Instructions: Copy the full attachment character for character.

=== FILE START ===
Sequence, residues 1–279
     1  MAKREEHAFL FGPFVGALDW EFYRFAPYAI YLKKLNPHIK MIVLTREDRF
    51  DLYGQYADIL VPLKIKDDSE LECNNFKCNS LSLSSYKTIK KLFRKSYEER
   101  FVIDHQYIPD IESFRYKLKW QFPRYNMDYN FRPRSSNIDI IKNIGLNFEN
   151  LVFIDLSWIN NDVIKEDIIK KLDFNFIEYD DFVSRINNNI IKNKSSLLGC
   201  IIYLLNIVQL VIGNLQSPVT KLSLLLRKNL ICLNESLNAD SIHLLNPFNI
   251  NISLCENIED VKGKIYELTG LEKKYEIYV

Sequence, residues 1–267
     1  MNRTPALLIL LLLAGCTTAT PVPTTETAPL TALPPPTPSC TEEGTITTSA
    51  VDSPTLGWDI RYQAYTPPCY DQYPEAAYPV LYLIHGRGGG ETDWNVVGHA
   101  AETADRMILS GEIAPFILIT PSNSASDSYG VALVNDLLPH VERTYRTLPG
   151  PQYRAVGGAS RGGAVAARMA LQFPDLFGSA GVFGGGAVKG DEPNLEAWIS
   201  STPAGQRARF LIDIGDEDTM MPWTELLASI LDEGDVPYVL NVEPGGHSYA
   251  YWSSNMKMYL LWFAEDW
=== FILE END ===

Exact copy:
Sequence, residues 1–279
     1  MAKREEHAFL FGPFVGALDW EFYRFAPYAI YLKKLNPHIK MIVLTREDRF
    51  DLYGQYADIL VPLKIKDDSE LECNNFKCNS LSLSSYKTIK KLFRKSYEER
   101  FVIDHQYIPD IESFRYKLKW QFPRYNMDYN FRPRSSNIDI IKNIGLNFEN
   151  LVFIDLSWIN NDVIKEDIIK KLDFNFIEYD DFVSRINNNI IKNKSSLLGC
   201  IIYLLNIVQL VIGNLQSPVT KLSLLLRKNL ICLNESLNAD SIHLLNPFNI
   251  NISLCENIED VKGKIYELTG LEKKYEIYV

Sequence, residues 1–267
     1  MNRTPALLIL LLLAGCTTAT PVPTTETAPL TALPPPTPSC TEEGTITTSA
    51  VDSPTLGWDI RYQAYTPPCY DQYPEAAYPV LYLIHGRGGG ETDWNVVGHA
   101  AETADRMILS GEIAPFILIT PSNSASDSYG VALVNDLLPH VERTYRTLPG
   151  PQYRAVGGAS RGGAVAARMA LQFPDLFGSA GVFGGGAVKG DEPNLEAWIS
   201  STPAGQRARF LIDIGDEDTM MPWTELLASI LDEGDVPYVL NVEPGGHSYA
   251  YWSSNMKMYL LWFAEDW